So–for us Protestant Evangelicals–what is really going on during Lent?

The season of Lent is the 40 days (excluding Sundays) preceding Resurrection Sunday (Easter). ¬†For Protestants and Evangelicals, Lent is a time of self-reflection. ¬†As Believers we reflect on our need for a Savior, and anticipate His substitutionary atonement* that is coming soon. ¬†A great article by The Gospel Coalition titled, “Why Bother with Lent?” describes the reflection during Lent in this way by saying,

Confident of God’s grace in Jesus Christ, we are free to probe the inner recesses of our hearts, unearthing sin’s pollution. God’s grace liberates us to explore our soul, facing its filth, rather than suppressing or succumbing to its contents. With David, we are free to pray,

Search me, O God, and know my heart! Try me and know my thoughts! And see if there be any grievous way in me, and lead me in the way everlasting! (Ps. 139:23-24)

Searching us, God discovers nothing unknown to him (Ps 139:1-3), but discloses the secrets of our hearts, allowing us to know ourselves. Under his tender scrutiny, God exposes, not to shame, but to heal. Thus, turning inward, we are led upward to find consolation, hope, and transformation through Jesus Christ.

Since we are a part of Manchester United Methodist Church, we observe Lent as a means by which we turn from the distractions of our life in order to be realigned with Christ. ¬†(For more on the United Methodist Church’s stance on Lent, visit umc.org.)

This leads us to Pastor’s message yesterday. ¬†He taught us that in the Early Church, converts to Christ were taught for one year, and baptized on Resurrection Sunday; these converts took the 40 days prior to baptism to purify and ready themselves for their public confession of their conversion. ¬†Then he taught us some theological concepts:

*Substitution: “…just as the Son of Man did not come to be served, but to serve, and to give his life as a ransom for many,” Matthew 20:28 (NIV)

Since we know that “…all have sinned and fall short of the glory of God,” (Rom 3:23), our fair consequence is Hell. ¬†It is as though we have been kidnapped by sin and cannot pay the ransom ourself. ¬†Someone must come and pay the price in order to set us free. ¬†The word “substitution” is often used with the word “atonement,” which means satisfaction of the payment that was due. ¬†“For this reason he had to be made like them, fully human in every way, in order that he might become a merciful and faithful high priest in service to God, and that he might make atonement for the sins of the people,” Hebrews 2:17.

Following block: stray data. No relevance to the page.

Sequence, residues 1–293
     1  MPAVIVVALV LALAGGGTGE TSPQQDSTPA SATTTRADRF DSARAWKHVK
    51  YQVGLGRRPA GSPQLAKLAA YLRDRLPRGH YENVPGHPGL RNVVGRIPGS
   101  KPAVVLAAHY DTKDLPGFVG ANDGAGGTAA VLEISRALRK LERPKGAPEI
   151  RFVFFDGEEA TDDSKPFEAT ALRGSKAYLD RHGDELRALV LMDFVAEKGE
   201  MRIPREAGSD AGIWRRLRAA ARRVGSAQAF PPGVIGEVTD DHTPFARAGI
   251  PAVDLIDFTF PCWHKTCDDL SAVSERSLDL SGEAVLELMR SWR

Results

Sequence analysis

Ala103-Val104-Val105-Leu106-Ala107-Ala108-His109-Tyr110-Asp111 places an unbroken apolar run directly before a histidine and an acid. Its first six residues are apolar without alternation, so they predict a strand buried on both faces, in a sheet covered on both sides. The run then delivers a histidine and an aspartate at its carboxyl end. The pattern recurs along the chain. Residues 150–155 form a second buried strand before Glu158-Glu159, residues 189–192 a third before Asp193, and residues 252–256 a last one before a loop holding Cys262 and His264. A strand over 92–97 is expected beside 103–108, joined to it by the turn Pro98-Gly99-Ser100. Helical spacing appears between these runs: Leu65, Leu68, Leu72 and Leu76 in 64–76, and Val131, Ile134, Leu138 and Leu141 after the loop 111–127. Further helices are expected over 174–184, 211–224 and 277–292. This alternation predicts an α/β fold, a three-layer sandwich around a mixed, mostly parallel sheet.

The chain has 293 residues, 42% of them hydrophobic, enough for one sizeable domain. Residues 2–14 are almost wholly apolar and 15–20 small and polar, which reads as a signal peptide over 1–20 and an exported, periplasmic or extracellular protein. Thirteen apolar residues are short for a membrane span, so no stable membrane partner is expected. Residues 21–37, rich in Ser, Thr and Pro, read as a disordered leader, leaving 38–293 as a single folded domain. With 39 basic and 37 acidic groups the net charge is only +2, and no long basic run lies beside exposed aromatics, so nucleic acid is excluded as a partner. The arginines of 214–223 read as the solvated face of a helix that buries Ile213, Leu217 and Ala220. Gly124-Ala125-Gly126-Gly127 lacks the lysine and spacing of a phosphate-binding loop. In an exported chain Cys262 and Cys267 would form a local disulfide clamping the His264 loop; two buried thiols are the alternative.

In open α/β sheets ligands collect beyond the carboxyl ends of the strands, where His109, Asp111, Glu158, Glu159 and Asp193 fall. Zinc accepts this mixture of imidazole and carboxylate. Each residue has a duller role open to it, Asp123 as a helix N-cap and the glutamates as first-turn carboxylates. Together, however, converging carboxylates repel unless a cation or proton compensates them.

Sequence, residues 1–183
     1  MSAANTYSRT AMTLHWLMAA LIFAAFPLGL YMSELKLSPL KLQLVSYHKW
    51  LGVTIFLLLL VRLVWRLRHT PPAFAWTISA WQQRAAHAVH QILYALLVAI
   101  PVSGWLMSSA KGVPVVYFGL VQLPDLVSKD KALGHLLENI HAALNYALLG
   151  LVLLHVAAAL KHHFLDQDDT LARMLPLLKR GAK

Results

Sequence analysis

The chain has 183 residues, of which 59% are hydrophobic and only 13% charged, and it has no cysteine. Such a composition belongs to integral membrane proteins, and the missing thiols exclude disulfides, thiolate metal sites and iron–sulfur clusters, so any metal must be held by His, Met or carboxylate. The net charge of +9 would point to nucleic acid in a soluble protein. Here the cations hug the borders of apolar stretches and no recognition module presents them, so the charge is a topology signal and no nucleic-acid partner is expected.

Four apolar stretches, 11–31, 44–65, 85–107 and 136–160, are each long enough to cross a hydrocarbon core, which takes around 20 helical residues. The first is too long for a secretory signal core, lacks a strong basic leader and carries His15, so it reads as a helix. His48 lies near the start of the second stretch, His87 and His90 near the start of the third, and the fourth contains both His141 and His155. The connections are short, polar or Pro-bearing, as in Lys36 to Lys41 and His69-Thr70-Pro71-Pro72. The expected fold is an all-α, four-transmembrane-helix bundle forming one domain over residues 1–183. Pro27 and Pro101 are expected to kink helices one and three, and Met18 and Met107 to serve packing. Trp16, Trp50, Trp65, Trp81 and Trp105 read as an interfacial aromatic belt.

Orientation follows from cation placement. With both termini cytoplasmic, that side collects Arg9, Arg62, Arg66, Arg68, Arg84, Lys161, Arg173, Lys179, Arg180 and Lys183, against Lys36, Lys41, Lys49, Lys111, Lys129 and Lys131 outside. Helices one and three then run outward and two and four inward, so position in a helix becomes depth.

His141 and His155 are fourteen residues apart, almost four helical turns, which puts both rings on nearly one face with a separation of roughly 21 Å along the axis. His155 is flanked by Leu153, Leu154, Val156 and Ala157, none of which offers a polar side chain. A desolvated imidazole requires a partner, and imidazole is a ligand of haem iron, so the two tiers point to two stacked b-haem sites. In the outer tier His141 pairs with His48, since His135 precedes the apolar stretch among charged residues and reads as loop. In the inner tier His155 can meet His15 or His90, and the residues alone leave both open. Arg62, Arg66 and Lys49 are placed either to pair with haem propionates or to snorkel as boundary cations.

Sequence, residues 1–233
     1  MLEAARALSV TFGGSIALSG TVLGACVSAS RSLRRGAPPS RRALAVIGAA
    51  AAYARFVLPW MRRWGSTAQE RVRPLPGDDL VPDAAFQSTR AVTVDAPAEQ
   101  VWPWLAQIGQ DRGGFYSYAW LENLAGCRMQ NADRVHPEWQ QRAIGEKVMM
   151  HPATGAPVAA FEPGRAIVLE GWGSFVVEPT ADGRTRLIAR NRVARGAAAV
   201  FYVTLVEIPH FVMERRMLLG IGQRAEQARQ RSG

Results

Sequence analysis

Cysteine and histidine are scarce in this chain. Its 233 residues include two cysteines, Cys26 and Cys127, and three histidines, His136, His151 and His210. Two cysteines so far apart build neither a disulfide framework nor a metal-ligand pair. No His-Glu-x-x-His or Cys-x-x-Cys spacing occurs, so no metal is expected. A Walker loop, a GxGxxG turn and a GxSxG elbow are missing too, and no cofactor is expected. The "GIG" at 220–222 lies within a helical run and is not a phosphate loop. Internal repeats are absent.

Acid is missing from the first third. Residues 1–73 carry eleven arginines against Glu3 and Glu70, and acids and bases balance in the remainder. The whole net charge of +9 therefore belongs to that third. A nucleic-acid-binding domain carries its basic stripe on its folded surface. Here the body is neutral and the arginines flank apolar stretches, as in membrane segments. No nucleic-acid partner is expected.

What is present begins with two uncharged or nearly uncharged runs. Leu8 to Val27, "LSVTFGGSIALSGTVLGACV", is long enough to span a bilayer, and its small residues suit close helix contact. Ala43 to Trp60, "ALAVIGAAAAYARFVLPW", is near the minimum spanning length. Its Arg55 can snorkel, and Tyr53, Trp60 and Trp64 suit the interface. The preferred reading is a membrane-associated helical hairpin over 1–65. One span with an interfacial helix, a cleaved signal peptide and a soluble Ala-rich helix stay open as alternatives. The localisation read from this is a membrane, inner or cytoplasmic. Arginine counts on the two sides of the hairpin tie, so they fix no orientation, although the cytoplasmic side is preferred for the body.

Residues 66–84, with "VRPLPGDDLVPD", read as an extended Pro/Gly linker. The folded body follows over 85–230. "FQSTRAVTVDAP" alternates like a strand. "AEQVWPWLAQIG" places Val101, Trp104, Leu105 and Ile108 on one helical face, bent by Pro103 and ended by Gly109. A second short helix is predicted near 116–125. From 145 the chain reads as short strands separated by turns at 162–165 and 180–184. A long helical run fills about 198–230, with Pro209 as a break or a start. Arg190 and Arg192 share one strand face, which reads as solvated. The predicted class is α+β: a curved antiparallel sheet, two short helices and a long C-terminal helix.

*Redemption: “In him we have redemption through his blood, the forgiveness of sins, in accordance with the riches of God’s grace…And you also were included in Christ when you heard the word of truth, the gospel of your¬†salvation. ¬†Having¬†believed, you were marked in him with a seal, the promised Holy Spirit who is a deposit guaranteeing our inheritance until the redemption of those who are God’s possession–to the praise of his glory,” Ephesians 1:7, 13-14.

Redemption–or the act of being¬†redeemed–means to be brought back; more specifically, it means to be bought back by a payment. ¬†When we were enslaved by our sin we belonged to the Enemy and were headed to Hell. ¬†However, God paid for us to become His children; He paid with the pure blood that Jesus shed on the cross, and proved that payment to be sufficient by the empty grave. ¬†That payment allows us to be redeemed!

*Reconciliation: “Once you were alienated from God and were enemies in your minds because of your evil behavior. ¬†But now he has reconciled you by Christ’s physical body through death to present you holy in his sight, without blemish and free from accusation,” Colossians 1:21-22

When people are enemies, reconciliation is what brings them back into a peaceful relationship. ¬†As we have already established, our sin kept us apart from God. ¬†However, through Christ, we can be reconciled to God. ¬†We go from being God’s enemy to being His son/daughter.

*Propitiation: ¬†“Therefore, since we have been justified* through faith, we have peace with God through our Lord Jesus Christ, through whom we have gained access by faith into this grace in which we now stand…” Romans 5:1-2a

This is the process of going from God’s enemy to being at peace with Him. ¬†[Additional note: To be justified means to be seen as sinless.] ¬†We become justified when we repent of our sin and ask Christ to cover us with His sinlessness.

These terms allowed the students of CORE Youth Ministry to continue working through our understanding of salvation–a subject that I never grow tired of teaching! (:

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This post was based on Pastor Mike’s sermon called, “Back to Basics,” preached at Manchester United Methodist Church on February 22, 2015. ¬†The terms were set by Pastor; the content and biblical support was supplemented by Youth Director Kelsey, based on the student discussion that followed the sermon.